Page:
The Rev. Alison Cornish
March 19, 2006 –
The story of the lost son – or two sons – or the return of the prodigal son – in Luke’s gospel is one of the best known, and most interpreted of the parables attributed to Jesus. As a Christian teaching, the story is about the loving forgiveness always available from God-the-parent. As a symbolic tale set in the political context of the New Testament, the youngest son has been interpreted as representing the sinners and tax collectors, and the elder son, the self-righteousness of the Pharisees. And as an allegory, the tale has described the succession of the church (the younger brother) over the synagogue (the elder brother). All of these ideas and interpretations are out there, and make for great reading.
But I see this story as an archetypal tale of reconciliation filled with the same ambiguity and contradiction we, each of us, face when we are deeply mired in matters of estrangement, and it’s from that point of view that I approach the text this morning. For all tales of reconciliation have at their root a separation that results in estrangement – to treat someone as if they were a stranger. And I believe that, over a lifetime, each of us experiences estrangement, and, if we are fortunate, also the long journey towards reconciliation. Sometimes the estrangement is as close by as siblings and parents; at other times, between friends; or even within communities – like congregations. We can also be estranged as peoples – I think of the distance between races, or from our ancestors, or homelands; or even as a species, estranged as we are from the natural world that surrounds and sustains us.
Luke’s version of the tale of the two sons (my preferred title) is rich both in what it does – and doesn’t – tell us. There’s the youngest son, asking for his due, ready to take the world by storm. Nothing in the text tells us that he leaves in anger, or after any sort of conflict, only that he gathered all he had and traveled to a distant country, and proceeded to be quite foolish about his lifestyle and resources. Oops. And there’s the father, who has given what was asked by his young son. We don’t know if he gave it begrudgingly or generously, with conditions or warnings, whether he missed his child, or was grateful that the rascal went searching for his own path. Much mystery. And finally, there’s the elder son, who we only meet late in the tale, filled with indignation and resentment at the reception given to his lost brother. We sense that being dutiful and diligent hasn’t been any fun, but we don’t know whether, given the chance, he would have done the same as his younger sibling – flown the coop and set out to see the world. As the story closes, we are left with the feeling that one estrangement – between the father and youngest son – may be reconciled, but another – between the brothers – may still be brewing. Like so many estrangements, what caused the rift, and who was at fault, may pass into history, leaving only brokenness behind.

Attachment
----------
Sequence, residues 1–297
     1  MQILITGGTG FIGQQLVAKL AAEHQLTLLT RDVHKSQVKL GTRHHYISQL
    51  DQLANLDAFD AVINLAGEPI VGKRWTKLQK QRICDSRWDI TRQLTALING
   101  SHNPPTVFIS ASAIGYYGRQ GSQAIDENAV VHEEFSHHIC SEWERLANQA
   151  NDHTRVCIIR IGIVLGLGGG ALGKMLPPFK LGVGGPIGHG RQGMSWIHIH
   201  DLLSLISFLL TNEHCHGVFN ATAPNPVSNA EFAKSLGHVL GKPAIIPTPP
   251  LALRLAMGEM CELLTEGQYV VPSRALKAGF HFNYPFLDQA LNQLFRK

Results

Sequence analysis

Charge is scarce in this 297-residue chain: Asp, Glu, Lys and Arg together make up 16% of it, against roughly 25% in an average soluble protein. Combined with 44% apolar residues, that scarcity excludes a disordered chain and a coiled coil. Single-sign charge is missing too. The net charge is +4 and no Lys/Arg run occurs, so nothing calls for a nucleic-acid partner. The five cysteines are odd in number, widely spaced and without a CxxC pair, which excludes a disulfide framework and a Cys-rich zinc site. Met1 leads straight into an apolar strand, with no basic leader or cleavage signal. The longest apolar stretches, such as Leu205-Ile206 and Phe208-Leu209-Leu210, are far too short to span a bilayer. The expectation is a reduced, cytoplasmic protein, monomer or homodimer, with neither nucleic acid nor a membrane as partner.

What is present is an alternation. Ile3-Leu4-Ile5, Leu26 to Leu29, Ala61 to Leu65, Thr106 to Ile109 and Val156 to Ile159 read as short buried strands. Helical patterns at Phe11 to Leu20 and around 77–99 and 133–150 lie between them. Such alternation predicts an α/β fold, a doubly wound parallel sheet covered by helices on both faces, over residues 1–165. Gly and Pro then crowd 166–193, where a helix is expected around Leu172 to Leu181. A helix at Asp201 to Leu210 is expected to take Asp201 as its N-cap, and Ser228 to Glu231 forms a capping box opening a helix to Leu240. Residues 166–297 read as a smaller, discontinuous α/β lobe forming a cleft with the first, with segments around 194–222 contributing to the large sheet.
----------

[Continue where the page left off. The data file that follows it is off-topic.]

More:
The story is a parable, and all parables – ancient and modern – share some specific qualities. While myths tend to comfort us, assure us, and tell us everything is going to be alright, parables present us with an unsettling experience. Parables introduce contradiction into situations that look, on their surface, to be comfortable and easy.
In the words of one author, parables challenge and dispute the reconciliation that our myths have created. (Anderson and Foley, 14-15) The ambiguity and lack of resolution we find in stories like the two sons is unsettling.
But it wasn’t until I read theologian Henri Nouwen’s book about this parable that I began seeing how intriguing a tale it really is. The first thing that hit me was his idea that the three characters actually represent the different characteristics of the journey from estrangement to reconciliation. The young son gives us repentance: I have sinned against heaven and before you; I am no longer worthy to be called your son. He himself names his fault, and rather than seeking absolution, he suggests that his father treat him like one of his hired hands. The father gives us compassion, and with his actions to restore his son’s status with his garb (the best robe, a ring and sandals), and with a celebratory meal, he embodies forgiveness. He does this because his son was (as) dead, and is (now) alive; he was lost and (now) is found. There are no recriminations or chastising words, simply the acceptance of a relieved and grateful father.